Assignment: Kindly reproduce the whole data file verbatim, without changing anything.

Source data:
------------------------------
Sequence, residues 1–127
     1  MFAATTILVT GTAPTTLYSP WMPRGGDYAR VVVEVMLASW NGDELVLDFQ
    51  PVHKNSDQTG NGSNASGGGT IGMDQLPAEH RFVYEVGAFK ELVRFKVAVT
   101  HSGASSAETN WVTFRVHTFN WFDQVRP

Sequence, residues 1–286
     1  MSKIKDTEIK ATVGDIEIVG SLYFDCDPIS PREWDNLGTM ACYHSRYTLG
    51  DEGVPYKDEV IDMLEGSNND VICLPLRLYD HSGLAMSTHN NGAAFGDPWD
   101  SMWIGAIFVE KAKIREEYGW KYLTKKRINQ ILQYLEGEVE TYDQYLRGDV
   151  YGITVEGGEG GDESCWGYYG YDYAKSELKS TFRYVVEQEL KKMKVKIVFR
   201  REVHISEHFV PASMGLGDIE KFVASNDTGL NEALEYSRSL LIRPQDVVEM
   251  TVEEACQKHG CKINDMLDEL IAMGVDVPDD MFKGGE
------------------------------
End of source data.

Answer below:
Sequence, residues 1–127
     1  MFAATTILVT GTAPTTLYSP WMPRGGDYAR VVVEVMLASW NGDELVLDFQ
    51  PVHKNSDQTG NGSNASGGGT IGMDQLPAEH RFVYEVGAFK ELVRFKVAVT
   101  HSGASSAETN WVTFRVHTFN WFDQVRP

Sequence, residues 1–286
     1  MSKIKDTEIK ATVGDIEIVG SLYFDCDPIS PREWDNLGTM ACYHSRYTLG
    51  DEGVPYKDEV IDMLEGSNND VICLPLRLYD HSGLAMSTHN NGAAFGDPWD
   101  SMWIGAIFVE KAKIREEYGW KYLTKKRINQ ILQYLEGEVE TYDQYLRGDV
   151  YGITVEGGEG GDESCWGYYG YDYAKSELKS TFRYVVEQEL KKMKVKIVFR
   201  REVHISEHFV PASMGLGDIE KFVASNDTGL NEALEYSRSL LIRPQDVVEM
   251  TVEEACQKHG CKINDMLDEL IAMGVDVPDD MFKGGE